In line with this techo-pessimistic vision, we should ask ourselves: what happens with our data? Until now, economists said the world needed money and energy to function. Money was “made” by highly regulated bodies: central banks. Energy, as we all know, is a source of instability and a driver for geopolitical tension. But now, a new factor has burst onto the scene: data. Once again, worrying headlines hit the front pages, such as the ABC article in January, titled: “Google, Facebook, Amazon and Apple have absolute power over digital information” (in Spanish). To quote Baron Acton, “power tends to corrupt, and absolute power corrupts absolutely”. We should think twice: monetary fluctuations ruin countries and create uncertainty, but now we are armed with organisations such as the International Monetary Fund. In the energy sector, which is far from harmonious – with the OPEC on the one hand, and Russia and its pressure on gas prices and disputes between Iran and Saudi Arabia on the other – honestly, we all but forget about data.

Data are key: in the near future, I believe we will be paid for them. Without data – or huge quantities of it, to be more precise – machine learning won't work and, as we know, this is the key to more or less limited artificial intelligence, which is all the rage nowadays. In fact, various analysts point towards China as the future leader in this field. This is due to, amongst other factors, a higher level of digitalisation in vast segments of the population which results in access to an avalanche of information. 

These uncertainties mean some are calling for regulation, control and, as with all pendulum swings, it seems we should all stay at home and flush our diabolical smartphones down the toilet. An interesting example is the United States bill for the Secretary of Commerce to establish a committee on the issue, as a preliminary step to a regulator. Ultimately, the Facebook data misuse scandal involving the consultant Cambridge Analytica and its implications on campaigns such as Brexit and Donald Trump's election shook our very foundations. We cannot allow the innocent sharing of information when using services offered by social media giants to play into the hands of the bad guys (remember the “fake news”  avalanche from Russian hackers) and undermine our democracies.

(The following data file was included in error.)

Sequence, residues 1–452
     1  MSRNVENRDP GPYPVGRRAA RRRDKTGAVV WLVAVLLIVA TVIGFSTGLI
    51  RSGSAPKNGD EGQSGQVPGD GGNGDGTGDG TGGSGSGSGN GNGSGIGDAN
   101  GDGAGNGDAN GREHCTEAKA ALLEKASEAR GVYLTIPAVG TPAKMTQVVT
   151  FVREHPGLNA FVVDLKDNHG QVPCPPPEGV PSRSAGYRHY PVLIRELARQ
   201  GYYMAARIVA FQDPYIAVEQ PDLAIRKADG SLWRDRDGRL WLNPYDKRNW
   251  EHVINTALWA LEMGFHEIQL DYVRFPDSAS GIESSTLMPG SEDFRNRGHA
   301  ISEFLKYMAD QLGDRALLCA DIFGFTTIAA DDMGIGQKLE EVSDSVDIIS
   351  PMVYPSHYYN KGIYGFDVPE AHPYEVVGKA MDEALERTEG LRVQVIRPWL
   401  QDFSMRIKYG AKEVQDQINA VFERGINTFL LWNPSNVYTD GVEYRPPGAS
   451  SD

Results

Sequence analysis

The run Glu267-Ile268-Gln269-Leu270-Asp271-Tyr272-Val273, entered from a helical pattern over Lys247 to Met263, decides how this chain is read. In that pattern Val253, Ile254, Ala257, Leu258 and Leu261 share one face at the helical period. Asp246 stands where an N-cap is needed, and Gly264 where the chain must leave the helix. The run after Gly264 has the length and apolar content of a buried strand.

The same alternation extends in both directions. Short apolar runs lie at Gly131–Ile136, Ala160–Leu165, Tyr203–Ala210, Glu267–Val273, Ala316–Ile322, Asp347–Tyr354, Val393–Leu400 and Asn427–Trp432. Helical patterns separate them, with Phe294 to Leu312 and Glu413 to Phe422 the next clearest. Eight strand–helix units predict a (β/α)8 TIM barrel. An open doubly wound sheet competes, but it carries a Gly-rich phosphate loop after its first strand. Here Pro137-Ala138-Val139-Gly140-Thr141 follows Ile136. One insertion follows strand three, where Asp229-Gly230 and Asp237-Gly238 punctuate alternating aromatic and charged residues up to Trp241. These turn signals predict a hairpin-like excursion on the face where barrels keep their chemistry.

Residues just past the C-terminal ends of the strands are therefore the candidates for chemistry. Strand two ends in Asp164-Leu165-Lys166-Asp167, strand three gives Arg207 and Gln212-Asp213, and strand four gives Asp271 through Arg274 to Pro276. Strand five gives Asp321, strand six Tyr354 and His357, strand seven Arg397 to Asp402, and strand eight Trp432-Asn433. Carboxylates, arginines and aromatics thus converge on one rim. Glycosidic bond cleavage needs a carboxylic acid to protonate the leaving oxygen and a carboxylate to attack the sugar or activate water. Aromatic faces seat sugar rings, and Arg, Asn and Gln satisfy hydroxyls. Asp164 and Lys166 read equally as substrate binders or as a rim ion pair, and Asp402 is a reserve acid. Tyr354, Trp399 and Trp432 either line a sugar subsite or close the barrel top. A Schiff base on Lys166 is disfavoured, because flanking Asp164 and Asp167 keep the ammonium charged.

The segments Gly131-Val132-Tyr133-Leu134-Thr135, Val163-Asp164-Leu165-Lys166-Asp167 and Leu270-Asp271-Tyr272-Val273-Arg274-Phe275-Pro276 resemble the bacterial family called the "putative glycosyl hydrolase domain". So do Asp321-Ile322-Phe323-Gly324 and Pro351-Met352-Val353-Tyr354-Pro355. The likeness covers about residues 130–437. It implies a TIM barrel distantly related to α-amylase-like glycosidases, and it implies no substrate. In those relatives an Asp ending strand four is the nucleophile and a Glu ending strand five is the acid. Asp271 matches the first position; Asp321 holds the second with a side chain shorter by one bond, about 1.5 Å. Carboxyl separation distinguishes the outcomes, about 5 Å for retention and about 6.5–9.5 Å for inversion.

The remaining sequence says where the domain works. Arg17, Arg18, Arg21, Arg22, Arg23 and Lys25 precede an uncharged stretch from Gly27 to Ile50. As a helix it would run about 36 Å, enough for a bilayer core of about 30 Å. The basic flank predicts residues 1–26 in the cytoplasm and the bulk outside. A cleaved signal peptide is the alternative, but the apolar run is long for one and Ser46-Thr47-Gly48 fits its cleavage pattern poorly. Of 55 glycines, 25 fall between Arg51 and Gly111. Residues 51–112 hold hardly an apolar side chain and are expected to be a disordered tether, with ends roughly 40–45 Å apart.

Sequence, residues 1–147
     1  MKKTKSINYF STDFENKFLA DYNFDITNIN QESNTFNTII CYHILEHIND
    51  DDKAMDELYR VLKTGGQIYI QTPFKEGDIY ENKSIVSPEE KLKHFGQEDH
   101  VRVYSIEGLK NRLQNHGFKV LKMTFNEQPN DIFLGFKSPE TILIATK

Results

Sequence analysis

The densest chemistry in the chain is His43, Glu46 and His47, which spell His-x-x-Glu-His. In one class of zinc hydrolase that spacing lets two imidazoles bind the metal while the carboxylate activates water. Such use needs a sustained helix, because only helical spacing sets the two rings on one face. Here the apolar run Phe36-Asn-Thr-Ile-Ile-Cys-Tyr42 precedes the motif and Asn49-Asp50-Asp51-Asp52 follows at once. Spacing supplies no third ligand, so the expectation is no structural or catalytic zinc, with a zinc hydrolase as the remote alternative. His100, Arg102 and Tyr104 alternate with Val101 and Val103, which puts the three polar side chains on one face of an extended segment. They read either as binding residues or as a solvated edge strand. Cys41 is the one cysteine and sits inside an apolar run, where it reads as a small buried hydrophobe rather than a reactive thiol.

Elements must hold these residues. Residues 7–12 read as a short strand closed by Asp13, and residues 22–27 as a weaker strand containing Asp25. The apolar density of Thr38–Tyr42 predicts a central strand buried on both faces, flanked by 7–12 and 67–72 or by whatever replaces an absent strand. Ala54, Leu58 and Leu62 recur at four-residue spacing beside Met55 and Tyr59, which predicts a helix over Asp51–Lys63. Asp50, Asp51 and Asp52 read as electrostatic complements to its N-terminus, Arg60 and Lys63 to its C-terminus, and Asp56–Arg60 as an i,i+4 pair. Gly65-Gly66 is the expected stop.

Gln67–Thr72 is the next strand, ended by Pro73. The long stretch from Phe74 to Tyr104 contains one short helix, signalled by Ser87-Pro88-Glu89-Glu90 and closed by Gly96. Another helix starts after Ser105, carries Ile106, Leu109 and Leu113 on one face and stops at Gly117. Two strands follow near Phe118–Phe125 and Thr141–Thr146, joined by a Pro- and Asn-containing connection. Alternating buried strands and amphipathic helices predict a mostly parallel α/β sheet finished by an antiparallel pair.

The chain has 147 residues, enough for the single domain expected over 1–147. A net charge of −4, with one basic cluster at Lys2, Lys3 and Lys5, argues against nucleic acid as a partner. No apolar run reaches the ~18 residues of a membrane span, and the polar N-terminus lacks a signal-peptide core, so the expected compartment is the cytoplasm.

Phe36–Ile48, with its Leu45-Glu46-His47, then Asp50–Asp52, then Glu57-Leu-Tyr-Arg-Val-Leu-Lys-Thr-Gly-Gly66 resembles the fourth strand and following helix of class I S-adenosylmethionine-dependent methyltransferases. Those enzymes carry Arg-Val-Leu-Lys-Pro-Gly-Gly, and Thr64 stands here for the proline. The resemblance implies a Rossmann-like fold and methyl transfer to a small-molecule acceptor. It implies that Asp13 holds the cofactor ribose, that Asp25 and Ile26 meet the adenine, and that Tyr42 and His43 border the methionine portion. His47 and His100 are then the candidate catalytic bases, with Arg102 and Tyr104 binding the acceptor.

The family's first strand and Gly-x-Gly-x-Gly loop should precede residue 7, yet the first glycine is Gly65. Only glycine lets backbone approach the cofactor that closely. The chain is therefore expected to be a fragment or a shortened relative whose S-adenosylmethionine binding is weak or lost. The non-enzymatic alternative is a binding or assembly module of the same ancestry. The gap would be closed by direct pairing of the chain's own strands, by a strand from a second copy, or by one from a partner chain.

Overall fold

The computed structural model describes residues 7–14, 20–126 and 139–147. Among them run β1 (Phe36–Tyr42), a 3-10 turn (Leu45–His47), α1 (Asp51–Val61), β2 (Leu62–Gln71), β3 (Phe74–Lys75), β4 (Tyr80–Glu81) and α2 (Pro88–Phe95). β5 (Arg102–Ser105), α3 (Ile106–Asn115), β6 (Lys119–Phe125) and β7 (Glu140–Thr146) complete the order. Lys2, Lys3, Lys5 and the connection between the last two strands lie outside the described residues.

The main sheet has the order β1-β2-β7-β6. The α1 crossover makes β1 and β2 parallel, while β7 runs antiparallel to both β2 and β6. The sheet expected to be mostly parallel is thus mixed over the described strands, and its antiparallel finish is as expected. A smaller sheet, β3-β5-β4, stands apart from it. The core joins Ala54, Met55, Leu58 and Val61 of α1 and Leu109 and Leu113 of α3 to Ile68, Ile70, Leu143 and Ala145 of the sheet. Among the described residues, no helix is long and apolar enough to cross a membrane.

So, the question is: how do we strike the balance?  Honestly, I don't know. I think it’s gone too far and we have been too trusting. Political development over the last few years alone can be explained by mass manipulation, where we saw the real dark side of social media. Certain regulations and common sense are required to ensure the future of technology is not built on unravelling the values we have spent centuries earning and applying in democratic societies. Now is not the time for fear, but rather exercise caution and reflect on an era of history wherein mass data has become an asset with the ability to overthrow governments. 

Digital technology as a driver for collaboration is at a crossroads. It cannot continue as it has done so far, without certain controls and supervision. But one thing we should not do is put limits on innovation. We should focus more on what we have to gain by learning from responsible use of the possibilities made available to us. And yes, I’m a techno-optimist.